How many hours of sleep do you normally get each night? 5? 6? 7? 8? More at the weekends? Oh, lucky you if you do!
Everybody knows that getting enough sleep is important. Well, we soon find out if we don’t. There’s nothing as lousy as yawning your way through a day and just never getting on top of things. What you may not have realised is that getting your zzzzzs can affect your body weight too.
Seriously? Yes, seriously. I know it seems counter-intuitive. I mean, we are always being advised that being as active as possible is the way to go, so how could sleeping more help?
Well, it’s not that the scientists are recommending that we spend the whole day in bed, but recent research has shown that people who sleep more than around seven hours a day are less likely to be overweight. Children who don’t sleep enough are also affected.
The theory is that sleep affects hormones that control appetite, metabolism and calorie burning. A hormone called leptin tells your brain when you’ve had enough to eat and when it should start burning calories. When you are sleeping the amount of leptin in your body increases, tells your brain that you have enough energy, there’s no need to feel hungry. If you don’t have enough sleep, your leptin level remains low, your brain thinks you are hungry, that you don’t have enough energy and will send messages to store energy for when you need it.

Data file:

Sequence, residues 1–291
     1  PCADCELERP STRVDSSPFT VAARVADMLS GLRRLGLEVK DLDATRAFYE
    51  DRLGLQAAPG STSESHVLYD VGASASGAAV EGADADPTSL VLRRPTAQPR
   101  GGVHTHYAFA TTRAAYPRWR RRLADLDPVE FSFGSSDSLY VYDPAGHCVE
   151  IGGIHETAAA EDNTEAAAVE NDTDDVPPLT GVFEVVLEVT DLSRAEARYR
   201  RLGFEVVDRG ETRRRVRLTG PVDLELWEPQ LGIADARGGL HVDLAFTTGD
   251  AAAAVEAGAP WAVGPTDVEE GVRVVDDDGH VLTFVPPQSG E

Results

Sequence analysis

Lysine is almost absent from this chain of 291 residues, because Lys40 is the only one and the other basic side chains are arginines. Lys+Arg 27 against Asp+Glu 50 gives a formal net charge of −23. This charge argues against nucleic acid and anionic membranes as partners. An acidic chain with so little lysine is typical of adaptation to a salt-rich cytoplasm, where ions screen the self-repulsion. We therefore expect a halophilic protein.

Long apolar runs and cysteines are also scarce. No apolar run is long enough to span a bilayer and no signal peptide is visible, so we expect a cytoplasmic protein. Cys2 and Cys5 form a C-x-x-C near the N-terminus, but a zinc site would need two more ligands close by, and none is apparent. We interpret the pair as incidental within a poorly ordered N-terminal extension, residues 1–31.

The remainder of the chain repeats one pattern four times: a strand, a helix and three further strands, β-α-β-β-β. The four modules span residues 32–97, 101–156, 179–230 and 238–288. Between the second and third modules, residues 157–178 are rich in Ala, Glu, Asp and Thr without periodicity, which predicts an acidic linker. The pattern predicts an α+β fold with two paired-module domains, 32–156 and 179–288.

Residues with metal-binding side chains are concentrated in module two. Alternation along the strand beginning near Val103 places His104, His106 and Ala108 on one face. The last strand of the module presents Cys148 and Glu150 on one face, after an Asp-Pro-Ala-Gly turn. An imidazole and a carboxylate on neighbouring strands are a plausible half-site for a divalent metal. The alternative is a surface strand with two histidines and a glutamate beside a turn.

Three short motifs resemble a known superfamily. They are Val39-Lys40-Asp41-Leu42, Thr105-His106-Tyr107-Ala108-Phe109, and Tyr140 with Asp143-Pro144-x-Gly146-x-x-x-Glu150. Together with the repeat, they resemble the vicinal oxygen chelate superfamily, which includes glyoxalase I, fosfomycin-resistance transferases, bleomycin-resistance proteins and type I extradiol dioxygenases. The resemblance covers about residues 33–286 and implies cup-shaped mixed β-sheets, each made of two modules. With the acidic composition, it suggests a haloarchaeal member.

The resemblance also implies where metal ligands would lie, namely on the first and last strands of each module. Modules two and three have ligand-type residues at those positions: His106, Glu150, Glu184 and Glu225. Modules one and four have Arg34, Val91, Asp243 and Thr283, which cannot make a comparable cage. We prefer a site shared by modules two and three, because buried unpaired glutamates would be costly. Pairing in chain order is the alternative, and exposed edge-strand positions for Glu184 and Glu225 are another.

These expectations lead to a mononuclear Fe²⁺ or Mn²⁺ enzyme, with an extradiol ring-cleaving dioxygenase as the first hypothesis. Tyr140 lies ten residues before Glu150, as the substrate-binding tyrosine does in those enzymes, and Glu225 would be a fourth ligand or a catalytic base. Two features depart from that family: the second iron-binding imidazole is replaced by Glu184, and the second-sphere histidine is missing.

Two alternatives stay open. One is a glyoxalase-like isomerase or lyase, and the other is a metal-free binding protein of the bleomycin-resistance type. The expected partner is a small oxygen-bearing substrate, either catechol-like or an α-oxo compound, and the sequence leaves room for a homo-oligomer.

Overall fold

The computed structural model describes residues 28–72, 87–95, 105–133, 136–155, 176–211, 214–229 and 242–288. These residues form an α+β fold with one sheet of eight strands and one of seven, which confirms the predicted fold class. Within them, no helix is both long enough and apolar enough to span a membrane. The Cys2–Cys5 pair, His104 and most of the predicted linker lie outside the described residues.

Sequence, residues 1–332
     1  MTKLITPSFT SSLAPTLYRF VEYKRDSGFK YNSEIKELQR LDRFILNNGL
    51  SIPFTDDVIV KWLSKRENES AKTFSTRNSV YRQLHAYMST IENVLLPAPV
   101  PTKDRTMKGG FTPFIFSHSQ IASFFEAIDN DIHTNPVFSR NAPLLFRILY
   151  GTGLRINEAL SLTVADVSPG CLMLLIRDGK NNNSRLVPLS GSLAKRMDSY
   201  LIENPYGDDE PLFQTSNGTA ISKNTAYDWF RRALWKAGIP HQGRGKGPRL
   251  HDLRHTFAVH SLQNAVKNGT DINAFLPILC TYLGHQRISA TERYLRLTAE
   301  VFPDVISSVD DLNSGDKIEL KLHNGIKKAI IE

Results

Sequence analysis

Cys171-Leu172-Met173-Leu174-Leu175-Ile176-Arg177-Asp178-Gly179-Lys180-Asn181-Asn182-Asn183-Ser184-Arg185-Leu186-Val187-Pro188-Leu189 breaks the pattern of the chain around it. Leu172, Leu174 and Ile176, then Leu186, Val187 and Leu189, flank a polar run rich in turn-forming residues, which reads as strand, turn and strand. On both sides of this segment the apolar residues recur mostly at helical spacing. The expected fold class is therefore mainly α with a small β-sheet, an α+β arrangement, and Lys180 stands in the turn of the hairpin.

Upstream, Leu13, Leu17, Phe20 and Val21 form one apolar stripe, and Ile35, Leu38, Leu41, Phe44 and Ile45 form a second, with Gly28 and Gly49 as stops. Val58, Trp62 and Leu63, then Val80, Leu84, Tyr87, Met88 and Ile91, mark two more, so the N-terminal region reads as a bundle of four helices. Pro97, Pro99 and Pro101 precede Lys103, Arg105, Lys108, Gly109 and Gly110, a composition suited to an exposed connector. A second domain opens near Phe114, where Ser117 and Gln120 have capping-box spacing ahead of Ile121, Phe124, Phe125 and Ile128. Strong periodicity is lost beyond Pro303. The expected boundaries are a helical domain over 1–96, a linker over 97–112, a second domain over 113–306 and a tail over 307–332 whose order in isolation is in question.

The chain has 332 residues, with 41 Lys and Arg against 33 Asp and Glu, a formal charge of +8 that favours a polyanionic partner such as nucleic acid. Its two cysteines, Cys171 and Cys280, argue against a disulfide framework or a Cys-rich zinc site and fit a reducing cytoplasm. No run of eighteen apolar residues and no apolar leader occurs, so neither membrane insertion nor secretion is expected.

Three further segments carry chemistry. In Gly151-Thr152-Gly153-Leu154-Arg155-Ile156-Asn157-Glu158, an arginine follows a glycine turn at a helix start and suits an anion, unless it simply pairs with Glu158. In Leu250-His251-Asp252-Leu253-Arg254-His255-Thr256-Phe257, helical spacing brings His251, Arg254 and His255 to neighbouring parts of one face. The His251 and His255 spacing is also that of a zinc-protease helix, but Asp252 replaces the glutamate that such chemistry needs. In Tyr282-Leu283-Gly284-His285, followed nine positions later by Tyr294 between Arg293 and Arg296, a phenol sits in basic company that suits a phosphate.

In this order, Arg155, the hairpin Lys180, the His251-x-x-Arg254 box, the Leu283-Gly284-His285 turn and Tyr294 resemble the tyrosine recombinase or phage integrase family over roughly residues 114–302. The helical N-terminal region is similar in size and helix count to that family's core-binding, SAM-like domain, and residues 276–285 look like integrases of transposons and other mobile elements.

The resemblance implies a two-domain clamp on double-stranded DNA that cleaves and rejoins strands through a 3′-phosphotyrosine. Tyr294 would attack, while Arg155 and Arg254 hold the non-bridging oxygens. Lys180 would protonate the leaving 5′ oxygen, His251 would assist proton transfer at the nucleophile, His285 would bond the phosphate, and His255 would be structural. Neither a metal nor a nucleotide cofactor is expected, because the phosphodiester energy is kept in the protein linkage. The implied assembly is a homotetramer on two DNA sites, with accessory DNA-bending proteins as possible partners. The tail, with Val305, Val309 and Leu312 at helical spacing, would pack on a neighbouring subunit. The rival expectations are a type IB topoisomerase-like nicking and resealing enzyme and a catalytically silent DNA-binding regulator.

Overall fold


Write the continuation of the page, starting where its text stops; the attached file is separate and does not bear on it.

The second hormone involved with sleep and weight is ghrelin, which does the opposite of leptin. It signals when you need to eat, when to stop burning calories and store energy as fat. During sleep, levels of ghrelin decrease but in sleep deprivation too much ghrelin will mean that your body thinks it’s hungry, that it should stop burning calories and start storing fat.
Some scientists think that these mechanisms evolved to have helped people in ancient times to survive long, dark winter nights when food was scarce, and eat a lot during long summer days when food was abundant.
Taking control of your body weight can be a daunting challenge. We have lots of information on changing your diet and lifestyle over on weigh2live and offer support on our Facebook page. A good (and easy!) place to start though could be thinking about your sleep patterns. Are you getting enough zzzs?
This short video provides information on recommended sleep times for children (American Academy of Paediatrics):